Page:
So... if Donald Trump was the guy behind Apple products, would you be a huge fan of him as a person because of his creation of a fantastic product? See, I like Apple products, but I have a hard time liking a guy who is unlikeable. I guess as another analogy, there are bands who I consider to be amazing and put out great album after great album, but who are also incredibly awful people to interact with. So I idolize the product, but can't idolize the person. I would never put their poster on my wall or watch interviews with them because it spoils the experience. In some ways, that's how I think of Steve Jobs and Apple.
  20. macrumors 68040


    Now this is what people ought to have. This is a proper account of Jobs working life. And a real historical record. Unlike that piece of **** with ashton kutcher. Calling that thing a movie is a disgrace to movies.
  21. macrumors 65816

    I might get hung for this; but part of the genius of Jobs wasn't his knowledge of computers, but his lack thereof. He certainly knew a thing or two about technology but Woz (and modern day Apple engineers) know a whole lot more. That lack of in-depth knowledge led him to envision products that were outside the scope of ability. A lot of Apple engineers have mentioned him demanding impossible things, but he somehow drove and led them to do it anyway.

    He wasn't a genius because he knew how to build it, he's always had fantastic engineers behind him for that. Really just because he had an idea of what the customer would want (even if it's not what they say they want. If you're an Apple user, surely you've had at least one experience where on-paper, it sounded awful, then you used it and the lightbulb went on and you said 'Oh wait, now it makes sense, this is awesome!"). Apple still has the engineering power that brought us all those great products. But I don't know that it'll ever have the drive or ridiculous scrutiny of a guy like Jobs.
  22. macrumors 6502

    Not from me. I think you expressed yourself quite eloquently.

    Agreed. But he had a charisma about him that worked in concert with how he presented an idea or a new device to the public. A consummate pitchman if you will & to me, that's where his genius came into play.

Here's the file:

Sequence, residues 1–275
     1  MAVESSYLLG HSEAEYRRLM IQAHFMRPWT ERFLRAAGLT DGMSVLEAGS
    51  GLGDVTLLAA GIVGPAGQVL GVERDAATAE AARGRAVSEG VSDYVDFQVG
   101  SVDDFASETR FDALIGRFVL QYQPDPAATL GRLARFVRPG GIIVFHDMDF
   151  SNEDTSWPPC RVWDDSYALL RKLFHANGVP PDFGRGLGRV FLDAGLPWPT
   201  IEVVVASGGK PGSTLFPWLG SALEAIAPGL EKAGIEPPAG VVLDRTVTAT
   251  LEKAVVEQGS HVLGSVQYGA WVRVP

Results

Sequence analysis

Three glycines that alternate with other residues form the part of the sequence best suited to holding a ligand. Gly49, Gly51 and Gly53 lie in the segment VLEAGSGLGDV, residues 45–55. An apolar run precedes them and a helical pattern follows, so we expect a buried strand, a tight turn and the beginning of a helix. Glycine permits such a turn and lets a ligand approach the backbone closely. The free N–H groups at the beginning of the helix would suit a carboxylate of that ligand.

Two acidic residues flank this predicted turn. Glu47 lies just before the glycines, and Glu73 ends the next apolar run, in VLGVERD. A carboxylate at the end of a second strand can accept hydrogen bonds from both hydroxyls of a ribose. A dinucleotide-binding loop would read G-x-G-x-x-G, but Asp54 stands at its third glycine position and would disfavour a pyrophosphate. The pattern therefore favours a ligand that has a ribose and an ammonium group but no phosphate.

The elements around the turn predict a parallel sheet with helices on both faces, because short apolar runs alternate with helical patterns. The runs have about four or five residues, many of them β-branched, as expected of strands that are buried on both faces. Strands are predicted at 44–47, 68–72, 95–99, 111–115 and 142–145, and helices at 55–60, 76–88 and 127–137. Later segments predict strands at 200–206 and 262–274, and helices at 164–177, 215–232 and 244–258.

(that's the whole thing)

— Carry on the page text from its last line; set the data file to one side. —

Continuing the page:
23. macrumors 65816

    Absolutely. Probably one of the best salesmen of the century. It all came from NeXT. Truth be told, though NeXT computers did some things really well and the OS itself was really great (it's what OSX is based on), the computers were insanely expensive and didn't sell well at all. He was a salesman before, but he really honed those skills with NeXT as, overpriced and outdated as they may be, he HAD to sell them if he was going to continue his career. I sometimes wonder if part of Jobs great success in the end, was in trying new things, breaking all the rules, because he was confident that even if the product turned out to be a flop; he could sell it. As a long long long time Apple fan, I can certainly say that they have released some really crummy stuff that's way behind everyone else. They've also released some pretty great stuff! But the genius is, they sold about the same amount of each!
  24. macrumors 68030


    Sergei Brin doesn't look happy

    Source: https://www.youtube.com/EverySteveJobsVideo

    Go to 3:20. The audience pan across and you see Sergei the sole person not amused.

    You can't miss him. He's dressed as Tom Cruise from Risky Business.


    NeXT Computers weren't outdated. They were more advanced than the competition. Steve learned at NeXT to be less ahead of the competition if you want to win the markets.

    People were dealing with Windows 3.11 and NeXTStep 3.3 was out. It was light-years ahead. The hardware on SPARC and HP Gecko were true workstation class hardware carrying on the expensive tradition of hardware for heavy work. The Intel port allowed PCs but only a few vendors paid the $5k certification fees to be on the list.

    Then the User License: $795 and Developer: $4995. The University License for both: $299.

    We were way ahead of everyone else. That was the problem. We were 5 years in many areas or more ahead. No one got it. Steve woke up and slowed down the tech to be either a bit behind, right at or a bit ahead of the competition which allowed people to grasp the future more easily.

    People didn't get Display Postscript to Postscript Printing for WYSIWYG in 1992. They didn't get Fax Modems built-in handling all your paperless documentation. They didn't get a lot that people now still don't seem to get as FAX is still highly used but people still buy those crappy HP fax machines.

    People truly didn't get Object-Oriented Programming outside the Enterprise until around OS X 10.4. People fought it.

    Now people today laugh at those that don't get it.

    Change too far ahead is what killed NeXT. That and Bill Gates and Adobe screwing us over, not to mention a certain group inside IBM who didn't like how fast NeXTSTEP ran on IBM hardware and made IBM UNIX look like a child next to it so they ran NeXTSTEP in emulation during demos to the top brass who canned the partnership.

    Steve learned a lot about back stabbing from partners and getting the right people on-board in legal, design, manufacturing, channel distribution and more who had all the connections so when the iPod or iPhone arrived all i's were dotted and t's were crossed.
  25. macrumors 68030


    FWIW: These aren't remotely every Steven P. Jobs video at NeXT. Not by a long shot.